To many tourists, Cambodia is simply an idyllic destination, its spectacular temples, blissful beaches and famously welcoming culture drawing over 5 million international tourists in 2016. Cambodia’s natural beauty however, belies a difficult past often characterised by violent, authoritarian rule. The current government is no exception with Prime Minister Hun Sen, leader of the Cambodian People’s Party (CPP), having marked 33 years in power as of 14 January 2018. With the CPP now the sole political party running in July’s entirely Chinese-funded elections, what better time to explore Cambodia’s current political climate and the forces at play?
Although the atrocities committed under the Khmer Rouge regime first come to mind when considering Cambodia’s past, it is the virtual absence of democratically-elected leaders throughout Cambodia’s history that continues to have an enduring influence on Cambodian politics. Starting in 1863 and continuing for nearly a century, Cambodia experienced colonial rule under the French, interspersed only with a four-year occupation by the Japanese. The tumultuous period from 1953-1970 saw somewhat less violent, but nonetheless authoritarian, rule from (then) Prince Norodom Sihanouk. During this period, Cold War tensions and the Vietnam War left Cambodia defenceless in the face of foreign powers heavily invested in pursuing their own interests in the region. With the US withdrawal from Vietnam came Cambodia’s slide into civil war, only ending in April 1975 when the Khmer Rouge proclaimed victory.
Although portrayed as a domestic uprising against the Khmer Rouge, the Vietnamese invaded Cambodia in 1978. This marked the beginning of an especially intriguing era in world politics, during which Cambodia essentially operated as a Vietnamese colony. Despite growing reports of the atrocities committed by the Khmer Rouge, mistrust of Vietnam by many global powers led the US and China to advocate for the continued recognition of the Khmer Rouge regime and the punishment of Vietnam. These actors ensured UN funding allocated for Cambodia continued to be given to Khmer Rouge camps in Thailand throughout the 1980s. In fact, France was the only Western power not to vote for the Khmer Rouge to represent Cambodia in the UN, which they did until 1992. In a bid to stop the civil war which escalated in 1989 following the Vietnamese withdrawal, the 1991 Paris peace agreement saw a UN transitional authority share power with representatives of the various factions and incumbent Prime Minister Hun Sen, who was promoted to the role in 1985 following his important role in the Vietnamese invasion.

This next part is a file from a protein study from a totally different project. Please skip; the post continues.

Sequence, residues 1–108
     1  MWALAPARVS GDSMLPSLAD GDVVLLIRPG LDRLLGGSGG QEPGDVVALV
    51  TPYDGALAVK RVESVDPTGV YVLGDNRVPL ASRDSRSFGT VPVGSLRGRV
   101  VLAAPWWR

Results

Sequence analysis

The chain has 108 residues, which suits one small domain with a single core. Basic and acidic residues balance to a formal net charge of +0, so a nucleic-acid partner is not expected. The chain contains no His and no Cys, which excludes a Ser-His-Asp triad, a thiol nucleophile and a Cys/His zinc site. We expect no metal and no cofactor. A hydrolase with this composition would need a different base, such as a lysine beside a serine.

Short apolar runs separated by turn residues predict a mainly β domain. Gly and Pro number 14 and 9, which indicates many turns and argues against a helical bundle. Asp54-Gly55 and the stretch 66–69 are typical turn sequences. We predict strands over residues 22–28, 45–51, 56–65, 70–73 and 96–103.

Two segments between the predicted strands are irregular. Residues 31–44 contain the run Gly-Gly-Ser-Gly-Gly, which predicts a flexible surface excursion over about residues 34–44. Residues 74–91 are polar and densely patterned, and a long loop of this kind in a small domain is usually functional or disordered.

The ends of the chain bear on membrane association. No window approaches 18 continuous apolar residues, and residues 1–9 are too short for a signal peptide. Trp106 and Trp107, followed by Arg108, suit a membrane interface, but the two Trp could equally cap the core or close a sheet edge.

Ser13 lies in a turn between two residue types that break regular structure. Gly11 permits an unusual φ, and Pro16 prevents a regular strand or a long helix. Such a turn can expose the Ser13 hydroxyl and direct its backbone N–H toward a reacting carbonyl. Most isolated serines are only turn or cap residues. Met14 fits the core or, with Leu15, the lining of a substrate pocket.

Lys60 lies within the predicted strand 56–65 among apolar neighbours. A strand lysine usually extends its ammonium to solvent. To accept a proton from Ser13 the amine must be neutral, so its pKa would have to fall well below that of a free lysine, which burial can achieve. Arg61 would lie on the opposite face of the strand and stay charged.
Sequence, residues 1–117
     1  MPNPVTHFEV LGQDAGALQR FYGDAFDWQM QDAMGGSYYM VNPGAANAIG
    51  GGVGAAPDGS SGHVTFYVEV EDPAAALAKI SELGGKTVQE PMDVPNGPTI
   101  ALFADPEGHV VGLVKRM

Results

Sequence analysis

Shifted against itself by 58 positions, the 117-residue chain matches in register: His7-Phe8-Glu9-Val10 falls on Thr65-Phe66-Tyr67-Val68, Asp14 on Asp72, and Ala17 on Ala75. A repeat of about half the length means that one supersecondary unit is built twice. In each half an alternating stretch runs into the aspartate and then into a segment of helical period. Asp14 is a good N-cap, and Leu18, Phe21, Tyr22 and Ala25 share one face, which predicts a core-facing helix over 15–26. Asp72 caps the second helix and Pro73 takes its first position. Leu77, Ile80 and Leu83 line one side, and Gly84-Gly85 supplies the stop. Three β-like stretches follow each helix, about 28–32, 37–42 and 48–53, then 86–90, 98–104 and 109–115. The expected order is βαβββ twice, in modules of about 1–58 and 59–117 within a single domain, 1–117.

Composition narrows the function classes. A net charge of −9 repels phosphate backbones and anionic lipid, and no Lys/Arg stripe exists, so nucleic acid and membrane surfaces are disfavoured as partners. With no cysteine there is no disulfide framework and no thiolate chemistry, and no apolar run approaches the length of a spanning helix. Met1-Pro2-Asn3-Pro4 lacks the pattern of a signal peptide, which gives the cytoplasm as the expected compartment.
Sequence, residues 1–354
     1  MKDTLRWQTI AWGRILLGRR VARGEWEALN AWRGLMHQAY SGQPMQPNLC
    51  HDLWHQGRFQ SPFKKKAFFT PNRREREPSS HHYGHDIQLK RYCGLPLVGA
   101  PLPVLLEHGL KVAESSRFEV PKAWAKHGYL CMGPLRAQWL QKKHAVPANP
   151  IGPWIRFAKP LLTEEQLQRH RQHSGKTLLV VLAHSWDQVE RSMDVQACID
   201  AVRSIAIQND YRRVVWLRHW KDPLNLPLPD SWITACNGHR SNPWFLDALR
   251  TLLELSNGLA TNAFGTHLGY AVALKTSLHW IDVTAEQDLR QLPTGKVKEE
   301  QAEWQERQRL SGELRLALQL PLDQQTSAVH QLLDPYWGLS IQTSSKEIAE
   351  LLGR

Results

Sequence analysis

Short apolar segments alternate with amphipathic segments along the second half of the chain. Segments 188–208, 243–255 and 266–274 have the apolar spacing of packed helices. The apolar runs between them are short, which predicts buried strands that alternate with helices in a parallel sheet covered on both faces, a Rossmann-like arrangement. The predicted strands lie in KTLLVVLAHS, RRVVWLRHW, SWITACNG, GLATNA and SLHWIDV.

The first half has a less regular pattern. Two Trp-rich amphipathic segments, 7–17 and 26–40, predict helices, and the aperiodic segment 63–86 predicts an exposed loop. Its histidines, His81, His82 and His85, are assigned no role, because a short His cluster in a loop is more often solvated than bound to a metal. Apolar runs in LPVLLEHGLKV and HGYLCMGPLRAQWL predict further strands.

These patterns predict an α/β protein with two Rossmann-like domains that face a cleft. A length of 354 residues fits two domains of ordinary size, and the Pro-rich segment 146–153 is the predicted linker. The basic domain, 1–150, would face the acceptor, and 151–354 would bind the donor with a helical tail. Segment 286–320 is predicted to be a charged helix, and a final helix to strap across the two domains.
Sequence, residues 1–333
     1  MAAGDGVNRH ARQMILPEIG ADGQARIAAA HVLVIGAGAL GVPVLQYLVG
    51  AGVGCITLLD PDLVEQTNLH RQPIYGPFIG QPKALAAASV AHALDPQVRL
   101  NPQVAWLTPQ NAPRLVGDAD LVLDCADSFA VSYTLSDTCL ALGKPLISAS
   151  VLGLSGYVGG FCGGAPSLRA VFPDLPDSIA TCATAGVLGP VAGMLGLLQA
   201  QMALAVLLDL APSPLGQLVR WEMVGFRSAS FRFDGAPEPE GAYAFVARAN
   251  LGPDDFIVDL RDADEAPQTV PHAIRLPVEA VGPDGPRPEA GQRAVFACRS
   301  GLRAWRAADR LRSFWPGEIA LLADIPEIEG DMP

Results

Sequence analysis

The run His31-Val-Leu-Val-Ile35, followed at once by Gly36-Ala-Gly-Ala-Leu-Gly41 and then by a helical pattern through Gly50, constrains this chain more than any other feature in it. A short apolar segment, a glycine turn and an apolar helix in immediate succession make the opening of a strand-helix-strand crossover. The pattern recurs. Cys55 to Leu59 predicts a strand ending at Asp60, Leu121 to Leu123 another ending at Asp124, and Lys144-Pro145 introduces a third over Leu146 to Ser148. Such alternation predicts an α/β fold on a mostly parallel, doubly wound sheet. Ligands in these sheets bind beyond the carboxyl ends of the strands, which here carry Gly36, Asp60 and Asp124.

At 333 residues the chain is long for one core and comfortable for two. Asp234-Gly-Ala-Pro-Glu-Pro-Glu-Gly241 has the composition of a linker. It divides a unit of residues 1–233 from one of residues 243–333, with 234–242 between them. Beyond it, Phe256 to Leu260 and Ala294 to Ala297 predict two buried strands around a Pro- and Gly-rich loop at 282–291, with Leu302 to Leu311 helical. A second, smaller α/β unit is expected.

Despite considerable UN assistance in establishing a functional democracy in these formative years, Hun Sen maintained an iron grip on power. Even after losing the last UN-sanctioned election in 1994, his threats to reignite the civil war allowed him to stay on as a ‘second Prime Minister’. This arrangement lasted for three years before a bloody 1997 coup against the democratically elected ‘first Prime Minister’ Norodom Ranariddh saw him restored to his former position. The ensuing decades have seen a relative decrease in the exercise of such blatant authoritarianism, however the last few years have seen it gradually resurface.